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Tuesday, November 08, 2005

No Fun League?

Sometimes you just have to spend a little time in the sandbox.

It was interesting to read this morning in various media outlets the exhortations of the increasingly clueless George W. that the United States "does not torture" and that we follow the law when it comes to interrogating terrorist suspects. I suppose that's good news, I don't know. And I admit that it's a complicated topic. But while claiming we don't torture detainees and that we scrupulously follow the law, W. also was standing firmly behind the efforts to have the CIA exempted from the John McCain backed Senate bill to outlaw torture. This is noteworthy on at least two counts.

First, it clearly illustrates who exactly is running the country and while you can have 3 guesses as to the answer, the first two don't count. In the old days, that is, pre-W, the vice presidency was more or less a thankless role. If called upon to do anything at all, the vice president's job was to stump for important presidential initiatives that needed an extra push and to attend funerals in incovenient locations. But in this wacky, but dangerous, administration however it's the other way around, as if we didn't know that already. W's push for a CIA exemption is being driven by, give up? Cheney. Roll that around in your mind for a moment. In context, this is one of the more important philosophical decisions to be made by the Senate in recent memory and rather than seizing the opportunity himself to stake out a claim for the higher moral and ethical ground, W is out shilling for a vice president sorely lacking in either. Oh the pictures Cheney must have from W's party boy days!

Second, finding the flaw in W's logic as he articulates, poorly, his rationale for torture, is so easy, it ought to be the test question on the student achievement tests dictated by the No Child Left Behind Act. "If George can get Congress to exempt the CIA from any laws against torture, can he then proclaim that we are only following the law if we still torture detainees?" And W and his handlers why an increasingly overwhelming majority of the American people no longer find this frat-boy lap dog credible?

But when things get this bad, sometimes you just need a diversion into the irreverent and irrelevant. That's right, I'm talking about Terrell Owens, along with virtually everyone else. There is no doubt that T.O. is the worst teammate of all time, as Jim Rome noted yesterday. And it more than illustrates why the only way to enjoy professional sports these days is to follow the plays and not the players.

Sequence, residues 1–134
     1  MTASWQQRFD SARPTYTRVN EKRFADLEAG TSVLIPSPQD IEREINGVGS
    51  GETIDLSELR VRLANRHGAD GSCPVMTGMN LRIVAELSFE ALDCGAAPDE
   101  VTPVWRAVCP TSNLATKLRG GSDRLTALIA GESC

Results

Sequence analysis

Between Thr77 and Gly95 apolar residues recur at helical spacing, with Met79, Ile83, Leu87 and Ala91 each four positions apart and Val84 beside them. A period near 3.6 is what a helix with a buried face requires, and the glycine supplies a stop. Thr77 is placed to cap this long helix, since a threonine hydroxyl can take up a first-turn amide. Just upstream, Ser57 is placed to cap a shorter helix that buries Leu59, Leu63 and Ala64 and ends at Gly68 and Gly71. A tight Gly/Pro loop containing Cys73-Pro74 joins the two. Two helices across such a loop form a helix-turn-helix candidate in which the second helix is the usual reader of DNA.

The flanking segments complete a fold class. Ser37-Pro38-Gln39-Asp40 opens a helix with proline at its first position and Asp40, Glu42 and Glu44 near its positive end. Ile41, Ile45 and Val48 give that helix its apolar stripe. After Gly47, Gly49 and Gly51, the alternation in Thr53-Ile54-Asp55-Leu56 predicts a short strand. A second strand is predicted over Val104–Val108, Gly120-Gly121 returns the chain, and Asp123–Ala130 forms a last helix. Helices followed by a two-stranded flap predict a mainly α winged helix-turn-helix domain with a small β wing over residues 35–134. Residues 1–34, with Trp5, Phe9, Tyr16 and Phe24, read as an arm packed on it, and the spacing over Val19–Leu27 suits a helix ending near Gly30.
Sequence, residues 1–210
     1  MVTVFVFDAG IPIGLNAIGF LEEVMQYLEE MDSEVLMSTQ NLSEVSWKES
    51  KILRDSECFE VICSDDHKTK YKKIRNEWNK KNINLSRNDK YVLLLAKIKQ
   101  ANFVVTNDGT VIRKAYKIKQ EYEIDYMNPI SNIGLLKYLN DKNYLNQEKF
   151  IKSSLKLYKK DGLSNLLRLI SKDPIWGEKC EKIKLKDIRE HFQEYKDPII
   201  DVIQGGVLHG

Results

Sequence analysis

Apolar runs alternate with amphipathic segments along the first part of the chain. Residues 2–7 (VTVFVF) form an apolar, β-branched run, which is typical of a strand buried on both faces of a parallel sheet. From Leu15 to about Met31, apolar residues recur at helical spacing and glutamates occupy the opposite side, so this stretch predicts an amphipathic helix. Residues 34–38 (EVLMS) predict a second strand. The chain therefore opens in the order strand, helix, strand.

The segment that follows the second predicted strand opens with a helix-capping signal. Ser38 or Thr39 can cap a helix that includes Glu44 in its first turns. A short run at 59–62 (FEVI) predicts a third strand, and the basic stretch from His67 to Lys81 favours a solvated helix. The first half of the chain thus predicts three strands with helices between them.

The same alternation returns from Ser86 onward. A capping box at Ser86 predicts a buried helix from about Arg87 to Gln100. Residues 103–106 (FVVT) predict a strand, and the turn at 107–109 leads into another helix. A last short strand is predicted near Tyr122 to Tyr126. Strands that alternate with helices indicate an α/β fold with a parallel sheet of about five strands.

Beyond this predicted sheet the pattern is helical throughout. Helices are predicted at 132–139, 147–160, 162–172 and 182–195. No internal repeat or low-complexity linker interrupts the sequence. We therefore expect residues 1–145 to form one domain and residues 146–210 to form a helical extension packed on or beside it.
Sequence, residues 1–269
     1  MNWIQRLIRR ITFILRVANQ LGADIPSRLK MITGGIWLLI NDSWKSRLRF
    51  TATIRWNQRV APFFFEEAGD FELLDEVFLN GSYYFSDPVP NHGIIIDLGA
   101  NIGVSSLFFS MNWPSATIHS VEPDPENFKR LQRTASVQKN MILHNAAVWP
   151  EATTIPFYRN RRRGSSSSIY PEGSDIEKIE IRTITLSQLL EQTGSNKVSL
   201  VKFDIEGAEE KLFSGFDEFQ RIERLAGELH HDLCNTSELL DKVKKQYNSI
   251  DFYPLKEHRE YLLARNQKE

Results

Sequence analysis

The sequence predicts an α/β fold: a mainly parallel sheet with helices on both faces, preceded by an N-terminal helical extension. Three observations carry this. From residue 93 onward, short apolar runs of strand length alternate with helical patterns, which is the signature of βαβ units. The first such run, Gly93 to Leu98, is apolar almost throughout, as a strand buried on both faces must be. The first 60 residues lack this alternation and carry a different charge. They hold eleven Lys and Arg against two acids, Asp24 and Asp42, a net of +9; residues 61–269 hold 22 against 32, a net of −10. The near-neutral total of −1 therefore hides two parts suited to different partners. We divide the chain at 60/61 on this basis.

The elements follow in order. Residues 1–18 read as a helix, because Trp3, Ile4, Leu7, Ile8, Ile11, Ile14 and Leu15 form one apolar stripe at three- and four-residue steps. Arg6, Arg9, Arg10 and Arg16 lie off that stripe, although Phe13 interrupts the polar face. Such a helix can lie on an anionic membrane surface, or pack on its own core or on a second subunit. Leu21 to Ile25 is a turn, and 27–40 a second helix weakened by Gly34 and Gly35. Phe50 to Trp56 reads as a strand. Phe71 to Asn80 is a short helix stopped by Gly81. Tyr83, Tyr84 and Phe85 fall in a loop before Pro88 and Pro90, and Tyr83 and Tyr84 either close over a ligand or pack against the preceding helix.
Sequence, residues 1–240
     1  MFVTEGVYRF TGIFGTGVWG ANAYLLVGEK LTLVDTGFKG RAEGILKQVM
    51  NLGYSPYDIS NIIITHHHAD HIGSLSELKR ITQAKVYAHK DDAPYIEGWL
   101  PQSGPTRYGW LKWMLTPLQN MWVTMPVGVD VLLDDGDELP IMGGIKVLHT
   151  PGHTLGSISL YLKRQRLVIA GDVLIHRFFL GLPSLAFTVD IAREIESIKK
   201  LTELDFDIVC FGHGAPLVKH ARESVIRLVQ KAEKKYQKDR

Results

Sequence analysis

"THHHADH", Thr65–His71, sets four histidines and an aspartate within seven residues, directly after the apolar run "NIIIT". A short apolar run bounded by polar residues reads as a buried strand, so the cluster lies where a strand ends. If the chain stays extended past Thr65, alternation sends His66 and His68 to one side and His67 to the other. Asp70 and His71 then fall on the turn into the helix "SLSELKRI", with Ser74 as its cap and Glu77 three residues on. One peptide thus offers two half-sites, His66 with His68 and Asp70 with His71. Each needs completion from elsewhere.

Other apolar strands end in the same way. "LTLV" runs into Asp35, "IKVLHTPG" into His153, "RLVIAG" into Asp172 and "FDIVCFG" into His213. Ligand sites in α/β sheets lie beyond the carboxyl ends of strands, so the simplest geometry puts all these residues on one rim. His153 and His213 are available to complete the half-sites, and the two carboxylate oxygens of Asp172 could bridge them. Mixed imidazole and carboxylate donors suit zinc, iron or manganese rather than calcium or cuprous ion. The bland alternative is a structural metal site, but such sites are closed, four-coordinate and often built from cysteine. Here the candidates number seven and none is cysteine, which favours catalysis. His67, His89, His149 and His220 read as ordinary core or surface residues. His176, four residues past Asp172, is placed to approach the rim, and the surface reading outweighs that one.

That all being said, the Owens saga does underscore one of the fundamental differences between pro football and its pro sports brethern. NFL owners have consistently held the line on refusing to guarantee contracts for its players while the guaranteed contract is virtually the way all other pro sports do business. In this way, the NFL is like most workplaces--you are just a bad hair day from being fired without anything more than the personal effects on the top of your desk. But is that a good thing?

From the NFL owners' perspective, it's clear that the guaranteed contract wreaks havoc on major league baseball. Studies demonstrate, time and again, that players rarely live up to the value of their contracts and ultimately the fans get left holding the bag as clubs raise ticket prices to pay, in part, legacy money owed to players no longer with the club but whose contracts have yet to expire. This tends to argue for non-guaranteed contracts. But by going this route, NFL owners, with the complicity of the players union, has created major instability in other ways.

At its core, the Owens saga is about money. While it is true that poor T.O. signed a 7-year deal last year for approximately $49 million, the only (and I say that gingerly) money Owens was guaranteed was his signing bonus. That coupled with his first year salary pocketed him $9 million last year. Not bad, but not $49 million, either. The rest of the contract is back-loaded, as they like to say in the trade--earned in subsequent years through increasingly higher salaries and roster bonuses, assuming he wouldn't be cut before either kicked in. In other words, the only way T.O. has a chance to earn the other $40 million is if he plays the full 7 years with Philadelphia. Disregarding the fact that T.O. is the clubhouse leader on the all-jerk team, the fact is that neither the Philadelphia front office nor T.O. ever expected that he'd play out that contract or earn that money. The salary cap implications of high yearly salaries and non-prorated (from a salary cap standpoint) roster bonuses all but prevent that from ever happening. As a result, the only way for a jackass like T.O. to get more money before he blows out a knee for good is to parlay his immediate accomplishments into a re-negotiated contract with more upfront bonuses. That's the game the owners and players engage in each and every season and is a dance that T.O. knows all too well.

In this way, T.O. is like the Judith Miller of the NFL--the right issue but the wrong spokesman. While no one will muster any sympathy for T.O., there is no doubt that this saga and its underlying implications will have a dramatic impact on the negotiations currently taking place between the NFL and its union. If the lack of progress in those negotiations thus far is any indication, a labor dispute in the form of either a lock out or a strike is on the horizon. And we can blame this on T.O. as well.

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